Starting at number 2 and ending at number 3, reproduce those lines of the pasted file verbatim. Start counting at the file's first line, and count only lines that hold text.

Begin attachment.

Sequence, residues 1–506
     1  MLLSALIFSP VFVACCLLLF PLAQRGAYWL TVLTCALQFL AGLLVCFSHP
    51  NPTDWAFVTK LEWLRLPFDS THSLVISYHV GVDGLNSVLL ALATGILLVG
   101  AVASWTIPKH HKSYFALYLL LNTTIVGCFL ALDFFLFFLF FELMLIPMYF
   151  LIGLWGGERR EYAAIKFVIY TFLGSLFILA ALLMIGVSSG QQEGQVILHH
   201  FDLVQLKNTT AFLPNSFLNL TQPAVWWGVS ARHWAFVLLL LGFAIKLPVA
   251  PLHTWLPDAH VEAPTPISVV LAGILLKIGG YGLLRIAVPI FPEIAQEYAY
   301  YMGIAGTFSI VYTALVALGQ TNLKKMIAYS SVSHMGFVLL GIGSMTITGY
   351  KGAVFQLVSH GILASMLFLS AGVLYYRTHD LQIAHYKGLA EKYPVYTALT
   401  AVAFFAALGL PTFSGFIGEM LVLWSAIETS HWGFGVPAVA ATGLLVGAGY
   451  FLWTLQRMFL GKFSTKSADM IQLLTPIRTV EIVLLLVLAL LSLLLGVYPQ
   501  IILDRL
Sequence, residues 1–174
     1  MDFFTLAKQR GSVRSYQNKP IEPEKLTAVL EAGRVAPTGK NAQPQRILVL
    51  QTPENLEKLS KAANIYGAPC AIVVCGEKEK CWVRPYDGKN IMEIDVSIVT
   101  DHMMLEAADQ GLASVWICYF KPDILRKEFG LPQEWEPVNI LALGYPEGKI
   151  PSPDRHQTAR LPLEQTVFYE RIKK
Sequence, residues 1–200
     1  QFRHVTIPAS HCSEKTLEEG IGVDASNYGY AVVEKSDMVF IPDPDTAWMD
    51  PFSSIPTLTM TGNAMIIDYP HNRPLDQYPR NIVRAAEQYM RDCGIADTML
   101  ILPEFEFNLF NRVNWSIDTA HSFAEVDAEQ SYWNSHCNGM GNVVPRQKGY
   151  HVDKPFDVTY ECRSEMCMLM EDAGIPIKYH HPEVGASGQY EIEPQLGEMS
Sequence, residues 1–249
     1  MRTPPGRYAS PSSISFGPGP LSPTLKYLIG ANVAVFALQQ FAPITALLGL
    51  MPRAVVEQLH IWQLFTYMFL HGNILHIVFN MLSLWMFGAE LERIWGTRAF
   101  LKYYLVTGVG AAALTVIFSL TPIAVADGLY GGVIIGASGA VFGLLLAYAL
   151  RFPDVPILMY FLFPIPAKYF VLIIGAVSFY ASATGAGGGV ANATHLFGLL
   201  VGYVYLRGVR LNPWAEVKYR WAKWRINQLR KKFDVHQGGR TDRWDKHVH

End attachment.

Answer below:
     1  MLLSALIFSP VFVACCLLLF PLAQRGAYWL TVLTCALQFL AGLLVCFSHP
    51  NPTDWAFVTK LEWLRLPFDS THSLVISYHV GVDGLNSVLL ALATGILLVG